Ravi Parmar is hoping his upcoming 20th birthday brings a very special present.
The former Belmont student, perhaps best known as the student activist who helped spearhead a grassroots campaign petitioning to replace the aging facility, is knocking on doors, talking to voters and going to all-candidates meetings leading up to his big day, Nov. 15.
That’s also the day he hopes to be elected to a school trustee position for SD62.
Parmar, in his third year studying political science at the University of Victoria, is trying to connect with voters of all ages, including those who don’t have children going to school.
“I’m reaching out to people I graduated with that are now 18 and older that are voting age, (some) that are voting for the first time,” he said.
“I’m hoping to get them excited about voting for a school trustee, because we set the visions at the schools. We want to create a school system that is positive five years down the line, 10 years down the line, when my generation starts to have children.”
The young Langford resident understands some people might get hung up on his political inexperience, yet he is confident he can get the job done in the SD62 Belmont zone, serving Langford, Metchosin, Colwood and the Highlands.
“The skills I learned in UVic are going to help me be a good school trustee if I get elected,” Parmar said. “I think I am bringing something that is different. A lot have been doing it for a very long time, (but) I think I bring some passion and drive.”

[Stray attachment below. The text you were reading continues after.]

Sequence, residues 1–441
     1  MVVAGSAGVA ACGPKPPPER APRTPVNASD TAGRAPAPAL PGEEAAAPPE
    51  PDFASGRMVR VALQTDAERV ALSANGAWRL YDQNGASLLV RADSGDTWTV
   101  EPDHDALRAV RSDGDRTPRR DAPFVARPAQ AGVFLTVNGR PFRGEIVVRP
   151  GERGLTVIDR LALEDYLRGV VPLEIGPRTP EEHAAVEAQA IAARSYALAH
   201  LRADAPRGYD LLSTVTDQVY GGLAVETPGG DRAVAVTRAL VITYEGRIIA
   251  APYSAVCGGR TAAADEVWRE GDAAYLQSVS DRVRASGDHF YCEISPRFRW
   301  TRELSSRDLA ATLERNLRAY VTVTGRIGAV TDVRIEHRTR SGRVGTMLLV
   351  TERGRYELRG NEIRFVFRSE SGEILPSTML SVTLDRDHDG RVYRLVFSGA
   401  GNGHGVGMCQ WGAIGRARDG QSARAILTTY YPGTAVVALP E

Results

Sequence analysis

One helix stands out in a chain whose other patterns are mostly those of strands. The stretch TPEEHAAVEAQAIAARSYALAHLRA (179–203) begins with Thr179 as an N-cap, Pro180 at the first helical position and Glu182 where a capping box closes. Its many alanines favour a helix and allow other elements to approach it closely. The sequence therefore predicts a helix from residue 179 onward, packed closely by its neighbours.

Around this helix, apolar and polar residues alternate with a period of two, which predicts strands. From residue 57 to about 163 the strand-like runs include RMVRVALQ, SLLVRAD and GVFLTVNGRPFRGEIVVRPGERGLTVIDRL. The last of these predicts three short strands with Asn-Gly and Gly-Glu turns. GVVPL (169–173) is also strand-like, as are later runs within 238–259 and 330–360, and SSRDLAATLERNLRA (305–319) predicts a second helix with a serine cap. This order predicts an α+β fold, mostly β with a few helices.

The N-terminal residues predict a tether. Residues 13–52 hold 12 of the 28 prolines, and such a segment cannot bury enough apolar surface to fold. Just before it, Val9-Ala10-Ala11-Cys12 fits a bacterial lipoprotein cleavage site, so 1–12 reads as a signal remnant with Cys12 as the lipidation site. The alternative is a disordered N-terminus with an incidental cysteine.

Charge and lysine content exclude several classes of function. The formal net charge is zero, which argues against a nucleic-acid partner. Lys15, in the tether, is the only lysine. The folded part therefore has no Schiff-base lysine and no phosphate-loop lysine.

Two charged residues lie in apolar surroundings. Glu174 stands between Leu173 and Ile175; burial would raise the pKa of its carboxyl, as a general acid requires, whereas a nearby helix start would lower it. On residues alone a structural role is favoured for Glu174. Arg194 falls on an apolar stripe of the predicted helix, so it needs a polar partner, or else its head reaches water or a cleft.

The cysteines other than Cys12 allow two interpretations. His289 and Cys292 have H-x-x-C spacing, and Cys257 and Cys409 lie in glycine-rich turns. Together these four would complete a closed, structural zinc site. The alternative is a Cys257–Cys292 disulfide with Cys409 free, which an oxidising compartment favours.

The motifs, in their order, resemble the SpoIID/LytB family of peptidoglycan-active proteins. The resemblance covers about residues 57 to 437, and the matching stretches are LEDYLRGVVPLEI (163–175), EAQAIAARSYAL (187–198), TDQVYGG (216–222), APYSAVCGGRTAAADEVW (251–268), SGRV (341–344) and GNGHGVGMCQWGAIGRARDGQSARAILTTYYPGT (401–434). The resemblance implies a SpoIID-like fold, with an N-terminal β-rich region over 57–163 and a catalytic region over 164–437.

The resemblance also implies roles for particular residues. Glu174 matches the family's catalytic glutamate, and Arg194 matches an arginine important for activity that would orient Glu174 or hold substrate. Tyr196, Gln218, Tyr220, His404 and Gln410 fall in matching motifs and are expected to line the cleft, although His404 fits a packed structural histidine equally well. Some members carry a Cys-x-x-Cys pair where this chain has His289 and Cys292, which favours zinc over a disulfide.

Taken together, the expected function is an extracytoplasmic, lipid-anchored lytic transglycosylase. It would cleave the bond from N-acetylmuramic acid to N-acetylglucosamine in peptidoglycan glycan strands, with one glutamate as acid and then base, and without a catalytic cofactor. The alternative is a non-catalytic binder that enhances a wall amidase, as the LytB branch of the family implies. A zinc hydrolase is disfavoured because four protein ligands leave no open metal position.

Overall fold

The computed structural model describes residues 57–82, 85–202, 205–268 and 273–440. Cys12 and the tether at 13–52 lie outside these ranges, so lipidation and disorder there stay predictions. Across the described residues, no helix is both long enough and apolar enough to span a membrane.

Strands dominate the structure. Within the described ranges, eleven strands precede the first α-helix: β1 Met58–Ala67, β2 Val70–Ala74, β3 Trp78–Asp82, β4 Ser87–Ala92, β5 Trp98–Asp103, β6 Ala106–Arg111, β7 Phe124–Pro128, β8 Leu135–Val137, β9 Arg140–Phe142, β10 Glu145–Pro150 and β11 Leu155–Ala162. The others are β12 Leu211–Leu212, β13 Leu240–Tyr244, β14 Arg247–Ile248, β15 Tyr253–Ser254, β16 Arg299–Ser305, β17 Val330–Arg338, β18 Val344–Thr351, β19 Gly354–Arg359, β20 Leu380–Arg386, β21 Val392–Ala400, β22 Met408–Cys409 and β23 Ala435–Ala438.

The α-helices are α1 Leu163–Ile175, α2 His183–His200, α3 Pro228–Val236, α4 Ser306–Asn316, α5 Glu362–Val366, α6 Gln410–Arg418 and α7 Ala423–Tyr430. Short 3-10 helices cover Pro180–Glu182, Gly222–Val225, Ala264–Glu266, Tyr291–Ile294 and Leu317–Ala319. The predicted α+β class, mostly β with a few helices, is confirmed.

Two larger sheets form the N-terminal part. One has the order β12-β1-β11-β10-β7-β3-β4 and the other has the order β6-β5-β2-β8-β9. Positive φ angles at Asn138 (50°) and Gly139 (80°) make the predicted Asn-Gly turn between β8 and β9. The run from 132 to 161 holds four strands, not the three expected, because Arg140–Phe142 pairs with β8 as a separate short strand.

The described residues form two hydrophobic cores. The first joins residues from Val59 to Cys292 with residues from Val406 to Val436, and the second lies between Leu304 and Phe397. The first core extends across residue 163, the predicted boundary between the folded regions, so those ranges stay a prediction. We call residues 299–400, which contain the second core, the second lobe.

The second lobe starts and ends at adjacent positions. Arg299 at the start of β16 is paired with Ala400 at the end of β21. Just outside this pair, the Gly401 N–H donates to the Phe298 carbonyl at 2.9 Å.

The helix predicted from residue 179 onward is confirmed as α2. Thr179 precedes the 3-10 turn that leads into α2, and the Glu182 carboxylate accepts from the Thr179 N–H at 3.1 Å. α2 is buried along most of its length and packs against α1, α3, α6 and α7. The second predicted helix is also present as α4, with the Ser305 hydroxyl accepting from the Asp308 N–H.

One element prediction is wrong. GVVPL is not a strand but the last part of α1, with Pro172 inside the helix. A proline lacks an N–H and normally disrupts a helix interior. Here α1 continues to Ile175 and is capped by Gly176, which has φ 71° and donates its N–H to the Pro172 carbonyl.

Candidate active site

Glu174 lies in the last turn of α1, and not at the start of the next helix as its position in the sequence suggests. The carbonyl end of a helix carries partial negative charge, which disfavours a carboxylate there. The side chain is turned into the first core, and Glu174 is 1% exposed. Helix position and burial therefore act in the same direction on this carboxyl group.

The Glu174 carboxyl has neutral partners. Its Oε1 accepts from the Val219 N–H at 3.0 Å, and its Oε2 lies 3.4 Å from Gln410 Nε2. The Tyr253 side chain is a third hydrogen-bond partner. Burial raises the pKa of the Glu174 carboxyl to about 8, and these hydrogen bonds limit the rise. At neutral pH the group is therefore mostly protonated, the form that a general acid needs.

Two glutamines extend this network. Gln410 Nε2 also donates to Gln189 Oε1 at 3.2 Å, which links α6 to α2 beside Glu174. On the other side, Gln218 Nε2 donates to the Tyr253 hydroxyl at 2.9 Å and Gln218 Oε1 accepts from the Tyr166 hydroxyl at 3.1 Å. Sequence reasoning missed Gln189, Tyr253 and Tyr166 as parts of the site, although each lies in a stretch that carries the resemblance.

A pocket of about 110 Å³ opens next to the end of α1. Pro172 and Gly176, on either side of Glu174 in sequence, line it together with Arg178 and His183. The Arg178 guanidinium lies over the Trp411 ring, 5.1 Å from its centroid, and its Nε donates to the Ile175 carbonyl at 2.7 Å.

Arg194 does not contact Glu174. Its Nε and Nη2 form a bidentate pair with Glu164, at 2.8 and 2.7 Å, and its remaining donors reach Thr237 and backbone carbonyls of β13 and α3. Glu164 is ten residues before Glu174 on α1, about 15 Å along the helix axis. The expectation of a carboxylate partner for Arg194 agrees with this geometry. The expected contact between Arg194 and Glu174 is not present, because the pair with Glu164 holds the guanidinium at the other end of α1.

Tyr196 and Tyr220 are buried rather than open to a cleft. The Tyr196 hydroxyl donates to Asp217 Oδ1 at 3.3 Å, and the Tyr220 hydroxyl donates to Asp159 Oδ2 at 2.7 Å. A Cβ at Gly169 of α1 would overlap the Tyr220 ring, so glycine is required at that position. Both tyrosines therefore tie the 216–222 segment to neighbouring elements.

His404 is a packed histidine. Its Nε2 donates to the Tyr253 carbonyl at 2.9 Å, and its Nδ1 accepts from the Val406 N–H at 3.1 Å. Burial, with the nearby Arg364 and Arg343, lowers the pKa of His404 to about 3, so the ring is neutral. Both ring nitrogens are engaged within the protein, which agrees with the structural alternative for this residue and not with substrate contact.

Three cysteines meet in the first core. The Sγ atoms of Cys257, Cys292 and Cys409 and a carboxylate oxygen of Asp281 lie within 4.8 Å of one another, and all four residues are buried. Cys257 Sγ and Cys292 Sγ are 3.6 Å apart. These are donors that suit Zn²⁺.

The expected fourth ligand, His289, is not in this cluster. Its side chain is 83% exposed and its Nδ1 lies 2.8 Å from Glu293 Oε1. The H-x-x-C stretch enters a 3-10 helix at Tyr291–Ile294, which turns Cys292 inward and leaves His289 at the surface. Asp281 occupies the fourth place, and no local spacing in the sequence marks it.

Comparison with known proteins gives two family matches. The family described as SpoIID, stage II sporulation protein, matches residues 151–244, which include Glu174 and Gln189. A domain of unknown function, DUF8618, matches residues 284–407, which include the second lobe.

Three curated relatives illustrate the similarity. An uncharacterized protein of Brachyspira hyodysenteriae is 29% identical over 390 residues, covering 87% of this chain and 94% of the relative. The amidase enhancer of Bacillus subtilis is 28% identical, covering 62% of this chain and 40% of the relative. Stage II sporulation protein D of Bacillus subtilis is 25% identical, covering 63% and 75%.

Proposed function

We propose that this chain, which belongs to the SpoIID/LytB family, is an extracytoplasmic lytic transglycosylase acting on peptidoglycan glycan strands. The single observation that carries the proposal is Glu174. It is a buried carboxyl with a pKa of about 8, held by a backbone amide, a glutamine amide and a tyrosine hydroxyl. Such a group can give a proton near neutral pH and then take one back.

Belmont teacher Paul Waterlander, who taught the candidate high school social studies, said Parmar’s enthusiasm, work ethic and commitment set him apart from fellow students back then.
The longtime educator believes the 19-year-old will continue to do so.
“I know (their family) came from not a lot, (yet) he has taken the bull by the horns and really wants to succeed. He thinks politics is a noble calling,” Waterlander said. “He was political even when he was in class, which is rare, because most teenagers don’t care too much about politics. I know he is guided by doing good for as many people as possible. He had to give back and wants to help.”
Parmar was the lead organizer for Let’s Build a New Belmont in 2011, which saw a student walkout staged and more than 3,000 signatures collected, as he and others voiced their opinions about the need for a new high school. Parmar eventually secured a one-on-one meeting with then-minister of education George Abbott and eight months later, the government announced the funding of a new Belmont secondary, one Parmar won’t get the opportunity to attend.
“I saw a leader there … He did not need any adult guidance, he took everything right off and didn’t need help,” Waterlander said. “It wouldn’t surprise me if (one day) we are calling him prime minister Parmar.”
Weeks away from election day, the school trustee hopeful said his focus is on engagement with constituents. He relishes the opportunity to serve in that role and prove his age isn’t the factor some may make it out to be.
“Those who know me know I am most passionate and most driven when I have a lot of things going on,” Parmar said.
“Most are too busy partying and enjoying the things of being a teen and young adults, but I enjoy going to board meetings rather than partying with my friends.”
Election day for the Sooke School District is Nov. 15 and is held in conjunction with municipal council elections.